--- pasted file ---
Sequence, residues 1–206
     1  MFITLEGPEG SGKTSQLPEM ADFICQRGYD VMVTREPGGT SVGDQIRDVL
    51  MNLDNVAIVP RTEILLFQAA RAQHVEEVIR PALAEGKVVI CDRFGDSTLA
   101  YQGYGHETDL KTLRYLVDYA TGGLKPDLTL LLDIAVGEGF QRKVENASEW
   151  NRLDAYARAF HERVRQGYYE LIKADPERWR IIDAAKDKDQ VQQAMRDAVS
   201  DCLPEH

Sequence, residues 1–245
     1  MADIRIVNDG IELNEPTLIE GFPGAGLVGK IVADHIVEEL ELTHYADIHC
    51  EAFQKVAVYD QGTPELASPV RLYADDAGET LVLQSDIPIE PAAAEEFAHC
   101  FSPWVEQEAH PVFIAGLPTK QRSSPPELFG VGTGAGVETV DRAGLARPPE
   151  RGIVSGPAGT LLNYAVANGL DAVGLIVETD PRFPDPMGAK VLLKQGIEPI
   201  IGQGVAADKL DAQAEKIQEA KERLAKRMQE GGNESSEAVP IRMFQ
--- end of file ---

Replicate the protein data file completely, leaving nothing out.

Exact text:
Sequence, residues 1–206
     1  MFITLEGPEG SGKTSQLPEM ADFICQRGYD VMVTREPGGT SVGDQIRDVL
    51  MNLDNVAIVP RTEILLFQAA RAQHVEEVIR PALAEGKVVI CDRFGDSTLA
   101  YQGYGHETDL KTLRYLVDYA TGGLKPDLTL LLDIAVGEGF QRKVENASEW
   151  NRLDAYARAF HERVRQGYYE LIKADPERWR IIDAAKDKDQ VQQAMRDAVS
   201  DCLPEH

Sequence, residues 1–245
     1  MADIRIVNDG IELNEPTLIE GFPGAGLVGK IVADHIVEEL ELTHYADIHC
    51  EAFQKVAVYD QGTPELASPV RLYADDAGET LVLQSDIPIE PAAAEEFAHC
   101  FSPWVEQEAH PVFIAGLPTK QRSSPPELFG VGTGAGVETV DRAGLARPPE
   151  RGIVSGPAGT LLNYAVANGL DAVGLIVETD PRFPDPMGAK VLLKQGIEPI
   201  IGQGVAADKL DAQAEKIQEA KERLAKRMQE GGNESSEAVP IRMFQ